We are going to add our dynamic post info bar to the header of the post template. However, because we want the post info bar only on the post template, we need to disable global on the header so that our bar isn’t added to all headers site-wide. To disable global on the global header, open the setting menu on the global header and select “Disable Global”.
Now the header should be gray with the label “Custom Header”. Once ready, click the edit icon to edit the header layout template.
Building the Dynamic Post Info Bar
Adding the Section and Row
Inside the header layout editor, create a new regular section under the current section holding the header.
Then add a one-half one-fourth one-fourth column row to the section.
Open the section settings and update the following:
- Background Color: #eceffe
- Padding: 10px top, 10px bottom
After the section settings are added, open the settings for the row and update the following:
- Gutter Width: 1
- Padding: 0px top, 0px bottom
Under the advanced tab, add the following custom CSS to the Main Element:
display:flex !important; flex-wrap: nowrap; align-items: center;
This will make sure the columns down stack on mobile.
Add Post Title Dynamic Content
The first piece of dynamic content we are going to add to the bar is the post title. This will serve as a helpful reminder to the reader of what post title they are currently reading.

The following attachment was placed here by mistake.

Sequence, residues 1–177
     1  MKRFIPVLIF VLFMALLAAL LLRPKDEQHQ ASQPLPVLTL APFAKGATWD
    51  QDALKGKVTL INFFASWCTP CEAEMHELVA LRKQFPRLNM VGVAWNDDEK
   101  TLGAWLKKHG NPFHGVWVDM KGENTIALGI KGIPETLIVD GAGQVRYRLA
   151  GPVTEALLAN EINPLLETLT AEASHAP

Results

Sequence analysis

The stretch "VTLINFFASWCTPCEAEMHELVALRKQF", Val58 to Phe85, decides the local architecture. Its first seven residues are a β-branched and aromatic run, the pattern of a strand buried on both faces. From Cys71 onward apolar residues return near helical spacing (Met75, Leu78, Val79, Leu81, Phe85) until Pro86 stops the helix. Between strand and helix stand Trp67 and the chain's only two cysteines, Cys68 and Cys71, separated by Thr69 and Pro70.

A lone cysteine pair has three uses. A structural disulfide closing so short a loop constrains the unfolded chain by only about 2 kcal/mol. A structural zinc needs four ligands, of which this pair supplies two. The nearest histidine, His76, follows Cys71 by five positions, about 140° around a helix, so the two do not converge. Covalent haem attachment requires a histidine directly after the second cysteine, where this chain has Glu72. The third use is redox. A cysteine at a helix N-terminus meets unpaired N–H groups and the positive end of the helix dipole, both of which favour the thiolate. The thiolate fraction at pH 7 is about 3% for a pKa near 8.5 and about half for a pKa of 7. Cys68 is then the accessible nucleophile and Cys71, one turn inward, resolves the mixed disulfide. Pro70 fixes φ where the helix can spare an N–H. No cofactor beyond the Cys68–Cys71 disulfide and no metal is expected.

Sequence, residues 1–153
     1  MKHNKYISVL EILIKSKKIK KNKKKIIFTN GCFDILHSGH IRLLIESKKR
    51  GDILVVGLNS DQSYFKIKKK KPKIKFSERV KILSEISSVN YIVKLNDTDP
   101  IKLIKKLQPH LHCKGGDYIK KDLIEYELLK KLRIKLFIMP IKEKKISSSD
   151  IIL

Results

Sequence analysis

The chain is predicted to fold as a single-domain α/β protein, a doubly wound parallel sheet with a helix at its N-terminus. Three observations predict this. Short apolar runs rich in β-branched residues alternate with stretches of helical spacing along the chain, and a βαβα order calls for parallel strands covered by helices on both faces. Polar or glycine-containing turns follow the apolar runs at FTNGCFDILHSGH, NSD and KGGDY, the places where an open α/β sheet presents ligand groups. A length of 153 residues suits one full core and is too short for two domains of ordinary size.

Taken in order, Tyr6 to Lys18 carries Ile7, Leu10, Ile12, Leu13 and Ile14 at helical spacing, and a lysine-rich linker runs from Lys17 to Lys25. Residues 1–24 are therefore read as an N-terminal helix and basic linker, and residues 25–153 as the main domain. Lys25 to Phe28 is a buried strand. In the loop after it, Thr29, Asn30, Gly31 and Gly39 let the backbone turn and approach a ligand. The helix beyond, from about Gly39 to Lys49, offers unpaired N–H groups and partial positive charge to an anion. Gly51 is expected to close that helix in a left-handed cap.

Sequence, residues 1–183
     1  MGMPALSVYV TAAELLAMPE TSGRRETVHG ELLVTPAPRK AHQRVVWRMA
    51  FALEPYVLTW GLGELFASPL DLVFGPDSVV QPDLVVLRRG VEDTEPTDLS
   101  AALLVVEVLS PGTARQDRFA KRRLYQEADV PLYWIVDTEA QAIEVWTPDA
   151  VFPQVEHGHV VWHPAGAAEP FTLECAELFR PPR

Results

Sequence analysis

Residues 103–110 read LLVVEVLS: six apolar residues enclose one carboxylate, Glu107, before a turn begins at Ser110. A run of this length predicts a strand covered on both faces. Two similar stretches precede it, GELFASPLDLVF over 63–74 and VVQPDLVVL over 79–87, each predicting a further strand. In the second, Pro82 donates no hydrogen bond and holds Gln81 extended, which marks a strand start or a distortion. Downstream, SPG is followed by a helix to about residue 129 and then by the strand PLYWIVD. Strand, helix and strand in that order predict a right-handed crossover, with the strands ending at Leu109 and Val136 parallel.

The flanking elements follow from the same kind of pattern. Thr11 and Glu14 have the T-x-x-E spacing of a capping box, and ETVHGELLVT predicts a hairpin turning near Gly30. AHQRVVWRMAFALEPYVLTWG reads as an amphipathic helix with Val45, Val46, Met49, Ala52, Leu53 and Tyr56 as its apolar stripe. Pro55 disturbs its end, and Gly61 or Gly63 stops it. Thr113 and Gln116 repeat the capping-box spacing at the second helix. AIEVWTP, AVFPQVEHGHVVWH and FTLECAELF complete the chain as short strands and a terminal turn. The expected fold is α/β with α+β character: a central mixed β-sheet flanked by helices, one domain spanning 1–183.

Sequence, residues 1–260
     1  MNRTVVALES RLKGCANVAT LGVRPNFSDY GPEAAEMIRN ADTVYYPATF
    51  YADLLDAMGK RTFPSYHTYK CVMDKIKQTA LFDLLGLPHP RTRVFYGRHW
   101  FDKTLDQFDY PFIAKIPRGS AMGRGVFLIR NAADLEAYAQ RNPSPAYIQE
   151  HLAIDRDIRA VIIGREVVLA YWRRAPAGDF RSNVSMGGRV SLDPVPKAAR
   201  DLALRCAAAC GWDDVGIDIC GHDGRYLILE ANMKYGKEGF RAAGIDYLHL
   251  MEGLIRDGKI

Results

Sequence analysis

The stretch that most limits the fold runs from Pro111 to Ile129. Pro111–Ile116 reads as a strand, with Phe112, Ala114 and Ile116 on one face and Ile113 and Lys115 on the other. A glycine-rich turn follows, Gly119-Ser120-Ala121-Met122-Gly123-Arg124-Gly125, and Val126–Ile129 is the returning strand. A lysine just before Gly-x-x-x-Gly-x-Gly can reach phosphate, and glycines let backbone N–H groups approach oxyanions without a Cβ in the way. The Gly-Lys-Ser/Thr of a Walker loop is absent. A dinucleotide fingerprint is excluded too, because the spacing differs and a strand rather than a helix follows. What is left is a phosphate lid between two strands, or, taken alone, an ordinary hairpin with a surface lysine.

Add Text Module
To create the post title as dynamic content, create a new text module inside the far left column.
Add Post/Archive Title as Dynamic Content
Next, click the “Use Dynamic Content” icon while hovering over the body area of the text settings. Select “Post/Archive Title” from the list.
Open the dynamic content settings for the post/archive title and add the following in the before input box:
Then save changes.
Under the design tab, customize the style of the dynamic title as follows:
- Text Font: Ubuntu
- Text Font Weight: Medium
- Text Text Color: #121212
- Text Text Size: 14px (desktop), 12px (tablet), 11px (phone)
Add Dynamic Post Categories Info
To create the post categories info, duplicate the text module holding the post title.
Then open the settings of the duplicate text module and add the post categories as dynamic content to the body.
Open the Post Categories Dynamic Content Settings and update the following:
- Before: In
- Categories Separator: &
Update link color
Under the design tab, update the link color as follows:
- Link Text Color: #4160fd
Adding the Dynamic Comment Count Info
Another helpful piece of info we are going to add to the post info bar is the comment count which reminds the user to engage with their own comments if they want. The comment count will include a link to the comments of the post as well.
To create the dynamic comment count info, duplicate the text module with the categories and drag it into the middle column.
Then add the post comment count as dynamic content to the text body.
Open the Post Comment Count Settings and add the following:
- After: comment(s)
Adding the “Leave a Comment” Call to Action
In addition to the comment count, we are going to add a simple call to action to leave a comment. The link will be an anchor link that scrolls to the comment section at the bottom of the post.
To create the CTA, duplicate the Text module in column 2 holding the comment count.
Then open the text settings for the duplicate and add the following link html to the body:
<a href="#respond">Leave a Comment</a>
The last thing we are going to add to the post info bar is a subscribe button. This will also be a anchor link that brings the user to the section of the post template that includes an email opt-in form.